4 cloud realities to be thankful for

The move to the cloud seems to be going smoother than many expected

The rapid growth of cloud computing continues. As we implement systems, migrate applications, and move infrastructure to the cloud, proceedings seem to be going better than most people expected.

I’m certainly thankful for that, but I'm particularly grateful for four developments this year.

First, I’m thankful that, for the most part, public cloud-based systems have done a good job of keeping outages to a minimum and avoiding data breaches. Despite the Microsoft Azure outage last week and a few other minor outages, public cloud providers have done a much better job at staying up and running than IT does with most internal enterprise systems.

Many commentators predicted widespread panic when massive cloud outages occurred. It hasn’t happened yet. However, according to most analysts, only 1 percent of our workloads are now in the cloud — so the effects of outages are still small.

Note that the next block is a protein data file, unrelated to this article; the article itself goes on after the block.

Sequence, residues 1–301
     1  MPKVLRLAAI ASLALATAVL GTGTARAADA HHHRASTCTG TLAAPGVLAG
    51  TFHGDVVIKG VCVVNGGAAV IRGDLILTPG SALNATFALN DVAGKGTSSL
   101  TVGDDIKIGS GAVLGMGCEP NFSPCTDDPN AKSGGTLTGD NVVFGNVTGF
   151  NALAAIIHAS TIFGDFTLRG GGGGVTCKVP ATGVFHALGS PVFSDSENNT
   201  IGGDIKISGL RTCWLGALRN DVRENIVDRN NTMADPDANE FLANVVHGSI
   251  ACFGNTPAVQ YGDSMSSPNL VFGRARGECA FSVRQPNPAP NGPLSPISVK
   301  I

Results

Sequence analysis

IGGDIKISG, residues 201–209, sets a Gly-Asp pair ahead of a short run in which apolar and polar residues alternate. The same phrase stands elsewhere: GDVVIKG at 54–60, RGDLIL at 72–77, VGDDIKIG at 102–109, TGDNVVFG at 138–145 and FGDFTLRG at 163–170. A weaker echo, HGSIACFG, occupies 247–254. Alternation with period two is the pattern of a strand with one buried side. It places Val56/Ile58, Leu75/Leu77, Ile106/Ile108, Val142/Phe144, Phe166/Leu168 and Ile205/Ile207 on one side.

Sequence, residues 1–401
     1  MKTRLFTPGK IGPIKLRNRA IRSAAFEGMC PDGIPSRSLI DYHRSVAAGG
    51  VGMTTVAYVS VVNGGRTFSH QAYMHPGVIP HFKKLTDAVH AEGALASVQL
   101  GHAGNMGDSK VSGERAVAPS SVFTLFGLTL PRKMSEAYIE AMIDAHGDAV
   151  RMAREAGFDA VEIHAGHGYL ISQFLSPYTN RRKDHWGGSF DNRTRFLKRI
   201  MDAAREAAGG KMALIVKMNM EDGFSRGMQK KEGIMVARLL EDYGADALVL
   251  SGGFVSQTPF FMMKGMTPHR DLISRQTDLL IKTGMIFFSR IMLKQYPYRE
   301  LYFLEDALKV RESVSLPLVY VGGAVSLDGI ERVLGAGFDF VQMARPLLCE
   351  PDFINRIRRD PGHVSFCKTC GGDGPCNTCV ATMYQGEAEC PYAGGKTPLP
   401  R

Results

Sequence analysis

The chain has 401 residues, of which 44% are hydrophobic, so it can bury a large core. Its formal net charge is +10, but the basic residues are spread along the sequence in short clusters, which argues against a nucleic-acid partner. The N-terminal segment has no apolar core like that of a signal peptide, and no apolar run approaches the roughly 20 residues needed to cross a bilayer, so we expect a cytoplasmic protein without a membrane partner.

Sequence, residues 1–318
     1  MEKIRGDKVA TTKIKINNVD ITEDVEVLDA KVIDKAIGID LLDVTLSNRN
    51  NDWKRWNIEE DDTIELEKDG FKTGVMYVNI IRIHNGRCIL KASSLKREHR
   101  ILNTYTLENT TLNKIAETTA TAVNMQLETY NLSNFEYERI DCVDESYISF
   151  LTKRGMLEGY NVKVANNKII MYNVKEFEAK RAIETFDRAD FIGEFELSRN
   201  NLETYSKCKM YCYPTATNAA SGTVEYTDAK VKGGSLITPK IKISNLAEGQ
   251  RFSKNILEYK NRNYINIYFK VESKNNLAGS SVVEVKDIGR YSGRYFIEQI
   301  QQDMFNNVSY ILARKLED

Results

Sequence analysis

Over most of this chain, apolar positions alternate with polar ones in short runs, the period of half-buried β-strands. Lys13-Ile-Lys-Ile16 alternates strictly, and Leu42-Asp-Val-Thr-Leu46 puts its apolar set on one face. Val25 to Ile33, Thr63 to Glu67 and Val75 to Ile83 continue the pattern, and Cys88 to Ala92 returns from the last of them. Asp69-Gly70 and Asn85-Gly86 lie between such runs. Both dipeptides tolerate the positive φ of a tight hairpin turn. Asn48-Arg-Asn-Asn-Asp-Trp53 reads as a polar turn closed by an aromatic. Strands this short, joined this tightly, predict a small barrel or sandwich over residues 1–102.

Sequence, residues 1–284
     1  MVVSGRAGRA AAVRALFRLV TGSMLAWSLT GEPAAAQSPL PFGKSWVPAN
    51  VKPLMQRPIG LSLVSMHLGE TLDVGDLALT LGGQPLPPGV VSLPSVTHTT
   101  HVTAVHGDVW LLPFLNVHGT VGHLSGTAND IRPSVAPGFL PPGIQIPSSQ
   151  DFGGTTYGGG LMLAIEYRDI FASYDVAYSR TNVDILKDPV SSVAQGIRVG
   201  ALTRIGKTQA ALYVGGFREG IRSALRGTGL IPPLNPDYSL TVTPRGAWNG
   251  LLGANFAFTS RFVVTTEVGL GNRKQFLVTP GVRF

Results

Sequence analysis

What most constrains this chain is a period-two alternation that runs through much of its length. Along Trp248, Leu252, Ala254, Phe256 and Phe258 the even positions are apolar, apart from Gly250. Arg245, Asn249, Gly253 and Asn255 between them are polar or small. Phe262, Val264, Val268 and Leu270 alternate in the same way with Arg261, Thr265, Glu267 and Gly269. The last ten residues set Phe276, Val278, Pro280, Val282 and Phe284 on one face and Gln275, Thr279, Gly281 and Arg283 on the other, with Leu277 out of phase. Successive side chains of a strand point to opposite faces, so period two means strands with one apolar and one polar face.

Second, I’m thankful that large data breaches have not occurred at public cloud providers — knock on wood. Data breaches, such as recent issues within Target, Home Depot, and even the U.S. Postal Service, did not have a cloud anywhere near them; rather, traditional systems and traditional approaches to security caused the problems.

Cloud security, although not perfect, has not disappointed us so far. However, you have the specter of the NSA scandal and fear that data in the cloud is data the government will cull through.

Third, I’m thankful for Amazon Web Services, a company that set the standard and made many other public cloud providers step up their game. AWS has led the public IaaS market, and I suspect other public cloud providers would not have spent as much money on their clouds if AWS had not set the pace for them to follow. AWS’s success has led to followers who emulate it, and that in turn has led to a market that provides much better cloud technology as a whole.

Fourth, I’m thankful that private clouds do not have as many deployments as originally predicted. In using private clouds, you must still maintain your own hardware and software. Although it’s a good solution in some very specific cases, a private cloud does not provide the value that public cloud provides. Perhaps having figured that out, most enterprises now bypass private clouds to move to public cloud or at least to implement hybrid clouds.

What are you thankful for?

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